11 NO-NONSENSE TIPS YOU NEED TO READ NOW
Struggling to regain your focus after the Christmas break? Know you need to get going, but can’t work out how? Or have you started — and run out of steam already? Whether you’re at home all day, every day or doing a stop-gap job and looking for something better, these 10 tips from Tanya de Grunwald — Graduate Fog founder and author of How to Get a Graduate Job in a Recession — will give you the jump-start you need…
DON’T just start
First, prepare a proper plan. I don’t care what it looks like, that’s up to you — just design something you know you’ll actually use. Remember, it should include clear, actionable steps. And nothing is set in stone. This thing is your plan, so it’s up to you to constantly assess what’s working and what isn’t, so you can tweak and refine it as you go.
DO expect your mojo to come and go
“Treat your job hunt like a job!” say annoying people who have forgotten what it feels like to be unemployed. The reality is you’ll have good days and bad days. Accept it — that’s fine. Having said that, there are lots of things you can do to maximise your output (see below). One bad day is fine. A week of bad days isn’t. Nip it in the bud before you lose motivation completely.
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DO chart your progress
Planning what you will do is great — but make sure you note the results you’ve had too. Why bother logging all the employers who never got back to you? Because it’s encouraging to see how far you’ve come and how many applications you’ve made (even the ones that didn’t go your way). When you feel your job-hunting stamina flagging, check the chart to see all the hard work you’ve put in. Be proud of yourself. Take a deep breath and press on.
DON’T be sentimental
If you haven’t heard back about a vacancy for a month, consider the application dead. Grieve for 60 seconds, then suck it up and move on.
DO ditch what’s not working
The biggest mistake job-hunting graduates make is to repeat again and again (and again!) strategies that aren’t working. Seriously people, STOP. There is more than one way to job hunt — applying to advertised vacancies is just one. You should never, ever get to a situation where you’ve sent out 100 CVs and not had a single interview. Either you’re applying to the wrong jobs, using the wrong techniques, or your applications need more work. Work out what’s going wrong, then fix it.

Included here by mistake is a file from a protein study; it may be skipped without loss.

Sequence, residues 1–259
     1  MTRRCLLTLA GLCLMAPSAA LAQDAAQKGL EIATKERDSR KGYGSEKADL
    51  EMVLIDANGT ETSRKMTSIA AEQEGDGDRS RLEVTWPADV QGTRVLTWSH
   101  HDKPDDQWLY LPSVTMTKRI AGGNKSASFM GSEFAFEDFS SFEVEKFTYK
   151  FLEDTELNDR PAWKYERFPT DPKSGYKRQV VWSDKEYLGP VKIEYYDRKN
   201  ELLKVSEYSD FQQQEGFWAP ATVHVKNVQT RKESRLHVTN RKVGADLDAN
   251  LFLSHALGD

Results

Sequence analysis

DO repeat what IS working
Yes, okay — clearly nothing worked that well (or you wouldn’t still be job-hunting). But if you’ve been searching for a while, I bet there are some job boards that you noticed yielded more responses than others. Likewise, in different industries you’ll find different job-hunting tactics are more effective than others (attending networking events and sending speculative applications may be more effective than applying to advertised vacancies for example). Look back and analyse any successes you’ve had, however small. What can you learn from these mini-triumphs? And can you repeat that strategy again?
If you’re doing a stop-gap job while you look for something better…
DO ring-fence two nights a week for job hunting
It’s January. Nothing is happening. You’re skint — and it’s raining. If you’re temping, block out two evenings a week to knuckle down and get on with your job hunt when you get home. I don’t want to hear that you don’t feel like it, or that you’re tired after a day at work. Nobody is going to do it for you. JFDI.
If you’re not working at all…
DO have a word with yourself
Spending endless days job hunting on your own isn’t easy (I know, I’ve done it). However, there are loads of ways to boost your productivity — so if you know you have a tendency to slack off, get tough with yourself. Get up at 8am to be at your desk (or kitchen table) at 9am. Don’t take long lunch breaks. Do switch off Facebook. If you’re not a mornings person, buy some nice breakfast treats and strong coffee to lure you out of your pit — and get outside as soon as possible to soak up some light (experts say this wakes up your brain).
DON’T be mean to your parents
They’re trying help — and if you’re living at home, they’re doing you a big favour. Resist the temptation to slide into stroppy (or sad) teenager mode — or they’ll respond by slipping into nagging parent mode. Once you’ve prepared your job hunt plan, give them the edited highlights and say you’ll keep them updated once a week with progress. Knowing you’re on the case will instantly ease a lot of their worry (which is what is making them annoying right now).
DO be mindful
Had a good day? Don’t just call it a fluke — work out why so you can repeat the formula. Likewise, if it was a dud, take a few minutes to work out what went wrong so you can do things differently tomorrow.
*Product placement alert!*
DO borrow a tenner from your mum
Sorry for the sales pitch… but my book “How to Get a Graduate Job in a Recession” is still only £9.99 — and most parents we’ve spoken to say they’d be happy to fork out a tenner to help their struggling graduate offspring, so if funds are running low ask them for a loan. And don’t forget, I’m so confident it will work that I’ll give you your money back if you don’t find a job after you’ve bought it (no questions asked). I still haven’t returned a single copy (Yes really!) Click here to buy it now on Amazon